Christians should be free to manifest their faith, says Bishop
Michael Nazir Ali, the former Bishop of Rochester, has called on the European Court of Human Rights (ECHR) to give religious freedom “its pre-eminent place in European society” and to overturn the increasing restrictions on the religious liberties of Christians in the UK.
In a written submission to the Strasbourg Court, Bishop Nazir Ali has warned that the rights of Christians are being "vanquished" by UK judges and that Human Rights legislation is increasingly being used to remove Christian values from public discourse, whilst upholding the rights of minority groups.
The warning comes as four landmark Christian freedom cases will be heard before the European Court of Human Rights in Strasbourg tomorrow (4 September), with two involving former nurse Shirley Chaplin and British Airways worker Nadia Eweida, who were penalised for wearing the symbol of the cross at work.
The two other cases relate to freedom of conscience, and include that of relationship counsellor Gary McFarlane, who was sacked after he expressed a possible conscientious objection to giving sex therapy to homosexual couples.
Bishop Nazir Ali warned further that unless Christian values are respected, the human rights agenda will become another “inhuman ideology” similar to totalitarianism, unfairly suppressing and imposing restrictions on individuals.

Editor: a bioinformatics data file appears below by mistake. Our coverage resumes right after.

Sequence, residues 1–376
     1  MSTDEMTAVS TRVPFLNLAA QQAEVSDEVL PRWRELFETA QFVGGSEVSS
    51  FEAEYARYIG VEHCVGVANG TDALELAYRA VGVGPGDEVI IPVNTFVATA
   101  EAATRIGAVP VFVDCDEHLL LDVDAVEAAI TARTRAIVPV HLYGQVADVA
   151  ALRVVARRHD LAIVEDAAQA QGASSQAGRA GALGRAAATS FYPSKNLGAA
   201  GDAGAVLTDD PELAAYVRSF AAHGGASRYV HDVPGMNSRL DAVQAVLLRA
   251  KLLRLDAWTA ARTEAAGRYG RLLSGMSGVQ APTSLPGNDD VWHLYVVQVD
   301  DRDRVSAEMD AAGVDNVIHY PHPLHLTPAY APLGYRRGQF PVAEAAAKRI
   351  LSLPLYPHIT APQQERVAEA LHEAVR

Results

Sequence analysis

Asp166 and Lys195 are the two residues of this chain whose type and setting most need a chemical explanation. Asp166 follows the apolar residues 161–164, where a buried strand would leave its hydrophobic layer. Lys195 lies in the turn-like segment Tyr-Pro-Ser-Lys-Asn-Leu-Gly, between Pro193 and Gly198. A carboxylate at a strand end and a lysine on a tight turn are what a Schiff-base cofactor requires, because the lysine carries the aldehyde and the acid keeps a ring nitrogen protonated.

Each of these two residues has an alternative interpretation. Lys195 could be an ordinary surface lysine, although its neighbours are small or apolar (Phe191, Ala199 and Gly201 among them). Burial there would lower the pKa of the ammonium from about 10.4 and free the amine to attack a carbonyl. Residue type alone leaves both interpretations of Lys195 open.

He urged the ECHR to give Article 9 (the right to freedom of conscience) its “full and intended” effect and to recognise the pre-eminent place of Christianity in the UK.
He added: "The new Human Rights agenda must respect Judaeo-Christian values if it is not to become another inhuman ideology imposing restrictions on individuals.
"There is a deep fear in the United Kingdom that the Human Rights agenda is becoming set against human rights; and seeking to remove Judaeo-Christian values from the public square."
"As such, the Cross is part of our culture and reflects Christian values of love, sacrifice and service so central to European culture.
"In case after case in the United Kingdom, the rights of Christians have been vanquished.
"We have reached the stage where Christians in the United Kingdom risk their employment if they wear a Cross."
The Government has backed the rulings against all four individuals in it's recent submission to the ECHR, stating that they had not been discriminated against, and that their employers had every right to discipline them. It argued further that neither the wearing of a cross nor the following of conscience are an integral part of the Christian faith.
Andrea Minichiello Williams, CEO of Christian Concern, said:
"The outcome of these cases has huge implications for the freedom of normal Christians to be able to manifest Christian faith and live in line with Biblical teaching.
"We urge all our supporters to pray for a favourable outcome. The values based on the Gospel of the Lord Jesus Christ, which have shaped our country for centuries and made it the thriving and flourishing nation that it is today, must not be supressed."